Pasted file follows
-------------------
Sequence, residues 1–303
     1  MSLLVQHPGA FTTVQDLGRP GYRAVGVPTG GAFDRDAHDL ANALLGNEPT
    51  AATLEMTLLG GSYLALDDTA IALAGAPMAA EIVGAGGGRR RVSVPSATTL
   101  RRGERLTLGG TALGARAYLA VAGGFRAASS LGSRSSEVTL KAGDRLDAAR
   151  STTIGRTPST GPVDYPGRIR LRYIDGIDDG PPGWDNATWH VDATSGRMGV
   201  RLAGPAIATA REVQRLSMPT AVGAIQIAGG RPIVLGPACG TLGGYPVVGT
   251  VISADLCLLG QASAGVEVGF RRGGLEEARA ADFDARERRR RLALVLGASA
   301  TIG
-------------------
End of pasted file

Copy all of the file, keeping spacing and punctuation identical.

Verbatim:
Sequence, residues 1–303
     1  MSLLVQHPGA FTTVQDLGRP GYRAVGVPTG GAFDRDAHDL ANALLGNEPT
    51  AATLEMTLLG GSYLALDDTA IALAGAPMAA EIVGAGGGRR RVSVPSATTL
   101  RRGERLTLGG TALGARAYLA VAGGFRAASS LGSRSSEVTL KAGDRLDAAR
   151  STTIGRTPST GPVDYPGRIR LRYIDGIDDG PPGWDNATWH VDATSGRMGV
   201  RLAGPAIATA REVQRLSMPT AVGAIQIAGG RPIVLGPACG TLGGYPVVGT
   251  VISADLCLLG QASAGVEVGF RRGGLEEARA ADFDARERRR RLALVLGASA
   301  TIG